Stainless is about $20 to $30 per square foot, and there are other metals and metal sheets that can be used as a backsplash for $20 to $25 per square foot. Keep in mind that if you choose to use a softer metal, like aluminum, do not use it near the cooktop, as it may melt.
Marble tiles come in a wide range of colors, finishes, shapes, and sizes. You can also find marble slabs if you want a seamless, smooth surface that can match a countertop. For tiles, expect costs between $3 and $50 per square foot, while slabs will start at $50 to $200 per square foot.
There are many types of glass tile that can be used on a backsplash. Color-backed glass tile is the least expensive but can be difficult to cut. Handmade glass tile and color-through glass tile are more expensive and require more knowledge for installation. Expect costs between $10 and $50 per square foot.
Slate comes in many different types, colors, and finishes. If you choose an ungauged slate, this will have a more rustic look and a lower material cost, but is very difficult to install, raising the labor cost. Gauged and finished slate is more costly upfront but is easier to install.
Adhesive Tile Mats
As mentioned above, these are an excellent product for the DIY backsplash. However, you could pay as much as four times what you would pay for thinset.
However, for the DIY project, what you pay for is convenience. You will not have to wait for the standard 24-72 hours to grout.
Adhesive mats cost roughly $2 per square foot in addition to the price of the selected tile.
Sheet or Slab Backsplash
Another convenient alternative to tile is the laminate sheet or solid slab backsplash. Sheet backsplash is the generic term given to any large sheet of protective material used in the kitchen or bathroom as a backsplash.
These sheets are mostly a single color, though a popular choice is the faux veined or striated marble. These are easy to clean, and no seam sealer is necessary.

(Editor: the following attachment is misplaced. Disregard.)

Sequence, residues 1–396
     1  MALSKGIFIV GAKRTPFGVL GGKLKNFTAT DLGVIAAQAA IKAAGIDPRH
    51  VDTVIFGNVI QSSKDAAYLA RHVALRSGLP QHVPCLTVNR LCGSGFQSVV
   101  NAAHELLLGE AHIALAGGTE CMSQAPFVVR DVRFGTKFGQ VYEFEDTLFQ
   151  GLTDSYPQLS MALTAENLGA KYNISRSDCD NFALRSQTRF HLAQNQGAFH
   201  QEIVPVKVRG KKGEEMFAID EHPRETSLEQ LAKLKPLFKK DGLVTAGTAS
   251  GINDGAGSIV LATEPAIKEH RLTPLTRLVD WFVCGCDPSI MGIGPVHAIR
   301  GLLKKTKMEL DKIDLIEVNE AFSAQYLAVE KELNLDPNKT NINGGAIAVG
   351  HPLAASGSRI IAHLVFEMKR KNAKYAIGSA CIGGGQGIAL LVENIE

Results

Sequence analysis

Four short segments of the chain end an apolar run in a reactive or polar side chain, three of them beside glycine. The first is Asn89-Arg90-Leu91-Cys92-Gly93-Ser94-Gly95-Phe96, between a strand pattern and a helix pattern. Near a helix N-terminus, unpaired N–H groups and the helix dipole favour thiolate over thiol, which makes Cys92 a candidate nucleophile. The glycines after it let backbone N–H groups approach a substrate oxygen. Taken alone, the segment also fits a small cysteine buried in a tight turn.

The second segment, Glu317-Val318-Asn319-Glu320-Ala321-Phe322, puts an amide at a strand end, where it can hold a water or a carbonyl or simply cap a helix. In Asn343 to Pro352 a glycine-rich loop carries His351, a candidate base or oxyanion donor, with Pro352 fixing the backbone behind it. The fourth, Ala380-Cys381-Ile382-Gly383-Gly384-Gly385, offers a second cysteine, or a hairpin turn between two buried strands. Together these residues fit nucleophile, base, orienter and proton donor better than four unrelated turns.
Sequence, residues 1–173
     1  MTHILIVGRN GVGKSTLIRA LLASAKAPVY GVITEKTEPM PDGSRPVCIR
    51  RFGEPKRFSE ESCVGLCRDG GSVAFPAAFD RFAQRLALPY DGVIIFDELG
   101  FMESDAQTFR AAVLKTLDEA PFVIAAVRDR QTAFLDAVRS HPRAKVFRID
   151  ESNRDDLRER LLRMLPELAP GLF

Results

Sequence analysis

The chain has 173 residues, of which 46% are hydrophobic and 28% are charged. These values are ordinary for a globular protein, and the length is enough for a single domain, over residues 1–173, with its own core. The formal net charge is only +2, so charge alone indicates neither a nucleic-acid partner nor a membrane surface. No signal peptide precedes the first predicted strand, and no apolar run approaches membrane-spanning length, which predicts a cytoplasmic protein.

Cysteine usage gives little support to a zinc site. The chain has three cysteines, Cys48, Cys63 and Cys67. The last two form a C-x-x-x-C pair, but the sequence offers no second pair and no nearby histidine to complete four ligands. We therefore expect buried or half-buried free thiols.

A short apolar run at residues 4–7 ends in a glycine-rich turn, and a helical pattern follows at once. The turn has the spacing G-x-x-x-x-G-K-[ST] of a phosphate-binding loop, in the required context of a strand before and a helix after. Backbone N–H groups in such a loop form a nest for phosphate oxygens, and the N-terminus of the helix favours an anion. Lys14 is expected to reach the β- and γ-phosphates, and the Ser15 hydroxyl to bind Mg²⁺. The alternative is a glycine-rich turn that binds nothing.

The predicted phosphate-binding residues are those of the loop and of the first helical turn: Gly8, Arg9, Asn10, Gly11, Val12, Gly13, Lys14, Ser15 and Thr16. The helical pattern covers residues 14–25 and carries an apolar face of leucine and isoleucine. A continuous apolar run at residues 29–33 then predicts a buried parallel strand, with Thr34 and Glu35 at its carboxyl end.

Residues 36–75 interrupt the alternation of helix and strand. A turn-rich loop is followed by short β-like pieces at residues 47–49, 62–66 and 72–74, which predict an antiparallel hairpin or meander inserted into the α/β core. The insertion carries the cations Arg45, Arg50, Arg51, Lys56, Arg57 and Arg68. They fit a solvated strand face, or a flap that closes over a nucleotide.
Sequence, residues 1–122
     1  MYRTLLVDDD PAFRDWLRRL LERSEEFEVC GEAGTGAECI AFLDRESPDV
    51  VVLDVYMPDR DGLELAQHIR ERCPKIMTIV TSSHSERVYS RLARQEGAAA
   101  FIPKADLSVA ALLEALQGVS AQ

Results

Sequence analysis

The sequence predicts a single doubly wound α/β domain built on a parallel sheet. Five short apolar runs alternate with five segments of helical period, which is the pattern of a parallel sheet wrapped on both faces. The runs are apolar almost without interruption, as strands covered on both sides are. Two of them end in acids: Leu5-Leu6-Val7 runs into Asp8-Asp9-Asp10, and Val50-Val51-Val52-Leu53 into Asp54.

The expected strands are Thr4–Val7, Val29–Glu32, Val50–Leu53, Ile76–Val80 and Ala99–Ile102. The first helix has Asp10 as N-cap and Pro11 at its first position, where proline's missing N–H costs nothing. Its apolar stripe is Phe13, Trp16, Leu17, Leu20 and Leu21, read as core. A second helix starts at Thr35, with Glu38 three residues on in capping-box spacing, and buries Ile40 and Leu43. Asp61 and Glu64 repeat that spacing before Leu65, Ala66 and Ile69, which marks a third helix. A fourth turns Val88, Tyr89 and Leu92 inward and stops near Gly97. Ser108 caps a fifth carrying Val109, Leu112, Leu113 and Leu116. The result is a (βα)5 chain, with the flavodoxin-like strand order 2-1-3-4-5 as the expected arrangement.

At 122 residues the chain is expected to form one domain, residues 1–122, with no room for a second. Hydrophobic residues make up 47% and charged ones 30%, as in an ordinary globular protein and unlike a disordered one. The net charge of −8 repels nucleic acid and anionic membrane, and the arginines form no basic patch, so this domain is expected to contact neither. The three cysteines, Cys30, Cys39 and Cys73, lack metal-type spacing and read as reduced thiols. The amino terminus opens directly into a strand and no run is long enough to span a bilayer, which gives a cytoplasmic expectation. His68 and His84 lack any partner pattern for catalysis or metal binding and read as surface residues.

Installing these sheets costs about $45 or $50 per square foot. However, as a DIY project, you can do these for about $5.00 per square foot.
Some sample prices are: stainless steel at $80 per square foot; beadboard at $1.00 per square foot; granite at about $45 per square foot; vinyl wallpaper (not recommended for around the stove) at $1.00 per square foot, but there are other choices, so consult with installers in your area.
Solid slab backsplashes are made from the same material as your countertop, including marble, granite, quartz, or solid-surface. They have the same costs per square foot as a countertop and may range from $35 to $200 per square foot installed.
Get Estimates for Your Kitchen Backsplash
To avoid confusing quotes, tell the contractor what you want and how you want the price broken down. For instance, tell the contractor you wish to get 20 square feet of herringbone subway pattern ceramic tile installed and you want a price per square foot. We suggest getting at least three estimates from qualified tiling contractors.
You might also be interested in our cost guide for new kitchen countertops.
All pricing information on this page is based on average industry costs, and is subject to variance for project-specific materials, labor rates, and requirements.